MOSCOW  - Seventeen Central Asian migrant workers died Tuesday when a night-time fire engulfed a Moscow market warehouse that had been stocked to the ceiling with cots and turned into a makeshift home. “According to preliminary information, they were migrant workers. Their identities and ages are being verified,” the Russian emergencies ministry said in a statement. Rescue officials said the migrants came from the impoverished nation of Tajikistan and possibly a few of the other neighbouring ex-Soviet states. The deadly accident struck only hours after spectacular flames flared from the top floors of an under-construction skyscraper.
No one was injured in Monday night’s Federation Tower blaze. But officials warned after battling the fire for more than three hours that the city was becoming dangerously lax about its safety standards.
Tuesday’s fire broke out at the Kachalovsky market on the southern outskirts of the city where many Muscovites shop for housing supplies.
Emergency workers described nightmarish living conditions with workers sleeping on hard cots that were stacked on top of each other in rows of four without any direct access to the outside.
The workers “lived in a metal annex that was equipped with a space heater,” an unnamed law enforcement official told the Interfax news agency.
“They slept in frighteningly tight conditions, on hard bunk cots that were then stacked on top of each other,” he said.
Another official said the workers probably left the space heater on all night to stay warm during the frigid Moscow spring. Overnight temperatures plunged below freezing and much of central Russia has been hit by snow.
Russia’s Emergencies Minister Sergei Shoigu demanded an immediate account of how the workers ended up living in a space the market had reserved for storing hardware supplies.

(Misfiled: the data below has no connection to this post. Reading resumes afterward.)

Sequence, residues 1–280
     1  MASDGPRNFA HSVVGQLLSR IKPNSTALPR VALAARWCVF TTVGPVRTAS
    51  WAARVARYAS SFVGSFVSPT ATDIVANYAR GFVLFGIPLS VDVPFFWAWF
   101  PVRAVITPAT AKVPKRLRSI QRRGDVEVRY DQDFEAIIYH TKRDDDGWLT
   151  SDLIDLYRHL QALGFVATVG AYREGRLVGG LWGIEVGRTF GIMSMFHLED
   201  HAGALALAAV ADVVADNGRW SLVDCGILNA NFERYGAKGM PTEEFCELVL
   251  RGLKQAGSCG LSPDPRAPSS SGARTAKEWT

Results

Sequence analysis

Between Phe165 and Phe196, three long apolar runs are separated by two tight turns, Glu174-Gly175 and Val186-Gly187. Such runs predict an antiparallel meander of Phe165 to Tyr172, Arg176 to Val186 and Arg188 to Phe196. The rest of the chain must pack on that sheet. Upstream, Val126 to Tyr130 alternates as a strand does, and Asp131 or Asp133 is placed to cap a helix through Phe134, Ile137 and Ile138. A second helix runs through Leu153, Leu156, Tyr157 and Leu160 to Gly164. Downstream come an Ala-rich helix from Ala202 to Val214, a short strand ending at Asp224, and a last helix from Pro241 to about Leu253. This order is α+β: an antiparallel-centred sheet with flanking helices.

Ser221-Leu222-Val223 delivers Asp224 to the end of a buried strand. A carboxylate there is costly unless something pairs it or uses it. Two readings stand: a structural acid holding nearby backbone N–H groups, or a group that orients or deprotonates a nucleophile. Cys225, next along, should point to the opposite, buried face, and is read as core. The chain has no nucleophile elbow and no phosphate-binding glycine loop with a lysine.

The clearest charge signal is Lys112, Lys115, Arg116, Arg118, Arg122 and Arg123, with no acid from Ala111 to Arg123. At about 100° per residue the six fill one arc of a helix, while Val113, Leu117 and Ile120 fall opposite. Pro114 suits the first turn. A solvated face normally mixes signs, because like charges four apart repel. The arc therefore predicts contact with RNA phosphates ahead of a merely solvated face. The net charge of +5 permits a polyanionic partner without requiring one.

“This is turning into common practice — people living in markets,” a visibly angry Shoigu said in televised remarks.
The migration service estimates that there are 700,000 Tajiks living officially in the country — a tenth of their home country’s population of just under seven million.
Tajikistan was wracked by a brutal civil war in the early 1990s and then experienced nearly two decades of ethnic tensions and endemic drugs trafficking that hampered sustainable growth.
Its economy remains in tatters and some analysts estimate that up to half of Tajikistan’s young male population is currently trying to make a living in Moscow and other major Russian cities.
The overwhelming majority of the migrants who arrive in Moscow do so without acquiring the official city worker permits that the Russian capital has required since Soviet times.
Seven migrants were killed in January 2009 when a fire swept through an underground Moscow garage they were building and had also used as a temporary living shelter.
Another seven died in May 2011 when a fire engulfed an old abandoned building in central Moscow.
The presence of Central Asian nationals and workers from the predominantly Muslim Caucasus region has also stirred racial tensions in the Russian capital and resulted in repeated deadly attacks.
President-elect Vladimir Putin had vowed to reinforce migration controls while serving as prime minister for the past four years and won a strong following from Russian nationalists while heading the Kremlin in 2000-2008.